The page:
A Vancouver Island town is exploring uncharted territory for the province of British Columbia.
Unfortunately for the taxpayers of Cumberland, this is not the sort of trail you want to blaze.
The Province has fined the Village of Cumberland $85,800 for failing to address longstanding wastewater issues — believed to be the first fine of its type in provincial history.
On July 17, the Village received formal notification from the Ministry of Environment and Climate Change Strategy of the fine connected with its failure to comply with five sections under the Environmental Management Act, particularly issues around “wet weather flows.”
Manager of operations Rob Crisfield explained that while other jurisdictions could be facing the same situation, Cumberland is the first in B.C. to face the penalties.
“They’re setting a precedent…. It’s uncharted territory in the public sector,” he said. “I just think we need help and guidance through this.”
The dispute is a longstanding one. The Village has been working since the late 1990s to deal with the issues through the development of a Liquid Waste Management Plan. The process was interrupted, but resumed again in 2016. In February 2018, the Village received its third notice and the threat of fines.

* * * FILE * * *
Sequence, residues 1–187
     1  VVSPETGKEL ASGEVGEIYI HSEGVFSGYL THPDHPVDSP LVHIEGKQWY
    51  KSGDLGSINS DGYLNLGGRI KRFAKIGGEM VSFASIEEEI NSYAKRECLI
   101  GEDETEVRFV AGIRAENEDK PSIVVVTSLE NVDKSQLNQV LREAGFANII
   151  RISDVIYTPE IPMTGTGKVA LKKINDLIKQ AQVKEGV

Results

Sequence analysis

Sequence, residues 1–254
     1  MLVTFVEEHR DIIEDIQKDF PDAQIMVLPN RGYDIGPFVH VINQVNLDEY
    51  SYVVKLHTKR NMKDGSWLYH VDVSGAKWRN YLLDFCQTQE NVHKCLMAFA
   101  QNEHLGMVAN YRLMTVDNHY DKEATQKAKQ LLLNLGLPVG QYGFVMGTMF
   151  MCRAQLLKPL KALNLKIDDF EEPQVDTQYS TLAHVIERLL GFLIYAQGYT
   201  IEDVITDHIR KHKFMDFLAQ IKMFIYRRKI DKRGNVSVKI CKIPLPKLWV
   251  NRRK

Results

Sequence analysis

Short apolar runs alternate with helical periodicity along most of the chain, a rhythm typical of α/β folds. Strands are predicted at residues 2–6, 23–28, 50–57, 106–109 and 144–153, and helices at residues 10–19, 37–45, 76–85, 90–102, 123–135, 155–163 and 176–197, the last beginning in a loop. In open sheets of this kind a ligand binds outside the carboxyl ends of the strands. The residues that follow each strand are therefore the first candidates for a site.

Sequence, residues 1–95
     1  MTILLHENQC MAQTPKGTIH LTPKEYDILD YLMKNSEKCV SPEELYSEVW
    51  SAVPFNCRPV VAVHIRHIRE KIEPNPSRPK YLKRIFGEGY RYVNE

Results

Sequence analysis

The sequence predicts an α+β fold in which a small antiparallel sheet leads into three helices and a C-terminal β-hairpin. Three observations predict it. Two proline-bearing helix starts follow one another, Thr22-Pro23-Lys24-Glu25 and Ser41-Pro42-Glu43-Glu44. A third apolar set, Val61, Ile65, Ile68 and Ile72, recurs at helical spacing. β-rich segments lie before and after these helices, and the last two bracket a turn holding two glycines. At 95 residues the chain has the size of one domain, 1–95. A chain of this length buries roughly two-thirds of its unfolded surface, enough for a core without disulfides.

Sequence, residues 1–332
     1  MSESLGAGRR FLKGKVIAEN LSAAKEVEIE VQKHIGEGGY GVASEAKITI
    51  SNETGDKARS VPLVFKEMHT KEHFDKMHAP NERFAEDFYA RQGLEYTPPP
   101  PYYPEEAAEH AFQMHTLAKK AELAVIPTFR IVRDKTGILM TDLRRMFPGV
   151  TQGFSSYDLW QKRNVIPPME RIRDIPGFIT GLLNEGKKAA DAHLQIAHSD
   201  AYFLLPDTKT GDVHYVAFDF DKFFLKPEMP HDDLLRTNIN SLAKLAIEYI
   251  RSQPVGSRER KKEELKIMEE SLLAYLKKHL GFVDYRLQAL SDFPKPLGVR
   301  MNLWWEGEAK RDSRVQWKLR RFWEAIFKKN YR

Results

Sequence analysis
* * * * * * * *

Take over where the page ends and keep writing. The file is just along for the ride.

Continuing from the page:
Financial officer Michelle Mason said a consultant recommended appealing the decision.
“We definitely do not admit guilt,” she said. “We have been working towards our compliance for quite some time, and we have been working with the ministry on solutions, so then we would not want to be then faced with ongoing penalty charges for every future incident of peak wet weather flows.”
Crisfield explained it still may take a number of years to get to “flow compliance,” adding that Cumberland has spent a lot working over the last 15 years to fix the in-flow filtration and sewer separation issue.
The Village decided to appeal the decision and seek legal advice.